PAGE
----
We don't eat breakfast outside. It's in the 50sF (low teens C) and the front room seems right for a wet and cool day.


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We watch the cheepers venture out toward the front of the house. They rarely come here and never go near the road. If you drive by, you might wonder what crazy people let their chickens roam free in this fashion, but the cheepers know that their center is in the court yard. Not here. And certainly not by the road.


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I work inside again and in the afternoon, I run through my list of errands, appointments and even a quiet drink with law school friends.

Dinner is at the farmhouse -- we have guests (another set of Ed friends), but I have no time to cook dinner for them and so I merely bring home Thai take out.

If every week had a few days like this one, I would be delighted. Snowdrop may want to be outdoors every waking hour, but sometimes, I just like to have time inside, looking out.


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2 comments:

  1. In the Garden of the Finzi-Continis, yes! we saw that so many years, decades, ago. It was a wonderfully made film, though so sad, of course the persecution and internment of the Jews in Italy would be SAD. But you were remembering the garden, and Europe, your home, and young love.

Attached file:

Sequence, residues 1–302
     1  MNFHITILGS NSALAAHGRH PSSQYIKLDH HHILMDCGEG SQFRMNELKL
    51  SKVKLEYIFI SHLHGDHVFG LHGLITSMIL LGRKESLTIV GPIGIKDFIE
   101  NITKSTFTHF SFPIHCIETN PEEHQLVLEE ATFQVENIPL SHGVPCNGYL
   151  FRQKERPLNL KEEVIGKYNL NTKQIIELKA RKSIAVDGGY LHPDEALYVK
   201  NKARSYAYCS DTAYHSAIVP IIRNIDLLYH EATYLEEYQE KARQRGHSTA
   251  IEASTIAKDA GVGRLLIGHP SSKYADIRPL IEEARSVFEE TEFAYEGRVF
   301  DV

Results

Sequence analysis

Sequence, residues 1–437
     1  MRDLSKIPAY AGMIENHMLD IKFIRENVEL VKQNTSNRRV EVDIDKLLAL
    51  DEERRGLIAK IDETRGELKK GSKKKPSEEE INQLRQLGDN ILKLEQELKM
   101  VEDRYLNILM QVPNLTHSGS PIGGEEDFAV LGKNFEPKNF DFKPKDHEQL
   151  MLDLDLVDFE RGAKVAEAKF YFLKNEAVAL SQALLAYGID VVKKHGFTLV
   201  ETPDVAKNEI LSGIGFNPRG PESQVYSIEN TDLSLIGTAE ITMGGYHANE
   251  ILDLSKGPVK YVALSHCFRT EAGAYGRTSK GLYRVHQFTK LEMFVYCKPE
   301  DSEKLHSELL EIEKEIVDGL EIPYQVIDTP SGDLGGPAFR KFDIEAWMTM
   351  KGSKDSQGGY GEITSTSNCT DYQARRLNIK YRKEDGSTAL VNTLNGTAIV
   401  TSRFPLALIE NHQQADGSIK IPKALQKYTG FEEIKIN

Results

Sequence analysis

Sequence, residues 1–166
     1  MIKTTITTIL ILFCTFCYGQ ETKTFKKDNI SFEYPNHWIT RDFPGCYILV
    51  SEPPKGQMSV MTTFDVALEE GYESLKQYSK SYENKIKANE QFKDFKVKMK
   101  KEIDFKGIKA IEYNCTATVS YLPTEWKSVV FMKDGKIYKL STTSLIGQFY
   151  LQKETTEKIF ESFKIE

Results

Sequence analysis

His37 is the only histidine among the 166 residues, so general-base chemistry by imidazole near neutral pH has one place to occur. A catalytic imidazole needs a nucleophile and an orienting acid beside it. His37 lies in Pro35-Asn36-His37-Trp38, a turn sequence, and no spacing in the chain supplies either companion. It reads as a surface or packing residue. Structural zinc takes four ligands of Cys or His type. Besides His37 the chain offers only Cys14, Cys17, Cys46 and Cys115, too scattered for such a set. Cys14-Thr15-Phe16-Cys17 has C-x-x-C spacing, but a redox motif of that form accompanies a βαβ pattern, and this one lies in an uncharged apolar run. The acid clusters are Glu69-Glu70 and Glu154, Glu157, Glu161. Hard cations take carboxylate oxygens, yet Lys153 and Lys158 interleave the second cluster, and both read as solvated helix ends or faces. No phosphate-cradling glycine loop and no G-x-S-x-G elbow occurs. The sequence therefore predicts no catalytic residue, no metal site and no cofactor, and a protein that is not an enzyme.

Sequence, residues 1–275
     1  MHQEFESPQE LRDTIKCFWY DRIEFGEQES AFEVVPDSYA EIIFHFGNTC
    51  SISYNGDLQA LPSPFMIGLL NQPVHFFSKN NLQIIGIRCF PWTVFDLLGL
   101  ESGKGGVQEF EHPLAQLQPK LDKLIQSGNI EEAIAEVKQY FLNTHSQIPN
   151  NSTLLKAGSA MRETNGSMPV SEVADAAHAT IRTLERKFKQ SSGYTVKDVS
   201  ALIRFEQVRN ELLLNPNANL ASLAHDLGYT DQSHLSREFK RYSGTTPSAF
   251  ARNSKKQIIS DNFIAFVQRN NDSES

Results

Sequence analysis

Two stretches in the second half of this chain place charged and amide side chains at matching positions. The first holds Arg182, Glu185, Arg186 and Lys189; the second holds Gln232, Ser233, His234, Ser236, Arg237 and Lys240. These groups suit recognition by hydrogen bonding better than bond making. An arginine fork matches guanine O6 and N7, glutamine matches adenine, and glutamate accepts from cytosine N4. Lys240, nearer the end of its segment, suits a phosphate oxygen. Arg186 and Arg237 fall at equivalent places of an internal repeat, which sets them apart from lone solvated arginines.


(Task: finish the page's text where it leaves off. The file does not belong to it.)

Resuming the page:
You cherish your memories of Poland, of course. Nostalgia tricks us somewhat. I remember my Grandmother's wondrous garden, and the woods and stream near our house where we were allowed to roam freely from a very early age. Well now, her garden was not extraordinary, I suppose, nor the woods so vast as I remember. But it was a completely free and exuberant and much-beloved time of my life, so I also invest the place with a special beauty. Maybe even, your word, sublime :)

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    Replies
    1. Thank you for this comment, JoyD. It's so full of understanding...

      I'll add my own to your touching recollection: I had exactly that -- a completely free and exuberant and much beloved time of my life every summer of my childhood at my grandparents' village house. My memories are of waking to grandma stoking the fire in the stove outside my bedroom door, while the tall birches swayed outside my window. Of wading across the river and lying down in its most shallow parts to feel the water trickle between my toes slowly, clearly. Of picking mushrooms in the pungent forest after a vicious rain. Of puddles that made for great bike riding. Of buckets of blueberries and of cherries filling the tree just by our house. But when my sister bought this same memory-filled property in the same village and when I went back -- it didn't feel the same. Time. Childhood. Grandparents. Those factors matter. So I'll stick with the memories. And I'll catch a wisp of that nostalgia when I work the garden but I wont go back. Don't want that. I like my now.